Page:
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Will 2012 be the year you exit your business?

Leigh Riley
19 January 2012 3 minute readShare
My Business

If there is even the slightest chance that you will exit your business in the coming year, now is the time to do some Business Succession Planning. Leigh Riley tells you how.


Happy New Year for 2012!

Is 2012 the year you will exit your business? If so, here are six essential tips to considerwhen considering your Business Succession Planning

Many people believe that they will decide when they will leave their business, yet the statistics show that 51% will leave prior to the time intended for various reasons. If 2011 is the year you believe you would like to leave, you will need to think about how you can realise the financial rewards from a lifetime of effort. There are a few things you can do to ensure you maximise your outcome to a smooth succession and here are my top tips for you to follow:

Leigh Riley

1. As early on as possible, you should be planning your exit and eventual sale, so get your business in order!

You’ll want to build a safety net that will guarantee you a price for your efforts. When you sell a house, you present it in the best way that you can to attract buyers and maximum price. Selling your business is the same.

Make your business something that someone will want to buy. Understanding what buyers want is the key. A business with good systems and customer management processes, market penetration, strong cash flow with profitability, and well trained people so that the business does not depend upon you to operate it, will always attract a buyer at a better price.

Engage a Consultant to sharpen up your business edge and boost your business valuation, in the same way you would engage a tradesman to fix up the loose ends around the house or a personal gym trainer to help you shed some of those extra pounds.

2. Remember it’s not what you sell your business for that will count, it is the amount you keep after tax that will provide you with the most favourable outcome, so tax planning prior is essential from professionals that understand the impact of succession.

When you seek advice from Succession Planning Specialists that are working as a team, you’ll get a better outcome. You don’t go to a general practitioner if you need an orthopaedic specialist and the same goes for business matters that need special treatment.

To put yourself in position for the best financial outcome, you will want a team of Specialists from accounting, legal, risk management, and business broker willing to work in concert to devise your position of strength when cashing in on years of effort in the most tax effective manner. They can also approach potential suitable buyers on your behalf when discretion is necessary due to potential market impact that may be caused by an impending sale.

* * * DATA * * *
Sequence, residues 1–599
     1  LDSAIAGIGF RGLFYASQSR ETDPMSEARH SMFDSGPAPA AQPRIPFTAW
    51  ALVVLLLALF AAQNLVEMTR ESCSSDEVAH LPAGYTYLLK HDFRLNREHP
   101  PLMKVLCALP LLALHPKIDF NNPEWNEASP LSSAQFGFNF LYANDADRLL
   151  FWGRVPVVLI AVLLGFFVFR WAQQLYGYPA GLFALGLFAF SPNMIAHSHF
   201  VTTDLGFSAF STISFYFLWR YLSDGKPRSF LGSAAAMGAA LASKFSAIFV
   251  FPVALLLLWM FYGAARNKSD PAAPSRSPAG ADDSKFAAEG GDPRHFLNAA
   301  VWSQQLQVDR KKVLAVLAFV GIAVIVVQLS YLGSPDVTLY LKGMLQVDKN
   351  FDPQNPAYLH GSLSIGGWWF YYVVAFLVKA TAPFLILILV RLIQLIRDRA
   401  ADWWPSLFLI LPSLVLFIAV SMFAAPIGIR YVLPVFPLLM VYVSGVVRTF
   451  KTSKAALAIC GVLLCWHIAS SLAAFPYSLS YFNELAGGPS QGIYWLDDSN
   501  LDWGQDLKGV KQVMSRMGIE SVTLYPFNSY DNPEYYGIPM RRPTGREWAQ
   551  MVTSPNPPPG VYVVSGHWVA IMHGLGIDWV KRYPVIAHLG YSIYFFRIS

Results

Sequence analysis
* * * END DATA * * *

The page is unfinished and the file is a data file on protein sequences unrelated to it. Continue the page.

3. Determine who the potential buyers may be as this may impact the method used in the changeover. You may have to think outside the square when an immediate buyer does not come to mind. If you are fortunate, a fellow proprietor may be the prime candidate if you are in a co-owned business. If you are a sole proprietor, you may have staff or a friendly competitor who maybe a likely candidate to buy you out. The suitable candidate and their ability to pay for your business will impact the method for changeover.

4. Decide how the new proprietors will fund the buyout and on what terms. If you’ve been in business for a while, the chances are that your business has grown significantly in value. Funding your purchase price may require some time and thought to ensure a prospective sale proceeds smoothly, enabling you to realise all of your hard earned equity in cash. It may be useful to implement a key staff reward system whereby shares in the business rather than cash bonuses paid over time can help to facilitate the buy-in. Capital raising strategies for smaller companies may also be effective to allow you to release your equity.

5. Deal with liabilities and personal guarantees related to the business as early on as possible, as these don’t retire nor die with you. You want your succession plan to adequately alleviate you of these responsibilities when you exit from your business.

6. You may not be able to leave the business when you choose, so it is essential to include planning for contingencies.  Unexpected exits such as poor health, disputes, divorce, destruction due to environmental or market forces and death can leave you in a weakened position.

Your succession plan can be designed to provide you and your family with a pre-arranged price with tax effective terms and insurance to ensure adequate funding at your price.

You can find a lot more detail about the essential points made here in the book "Your Business Succession". For your FREE customised assessment to determine how well prepared you are to exit your business, go to the Business Exit Quiz. It takes about 3 minutes to complete and provide you with details of the areas you need to focus on to ensure the most profitable outcome for you when you leave your business.

Here's to your Profitable Business Succession and your prosperity for 2012!

Ask “The Exit Experts” how you can take control of your business, for profitable exit through most circumstances. www.YourBusinessSuccession.com ph. 1300 499 225

Will 2012 be the year you exit your business?
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Leigh Riley

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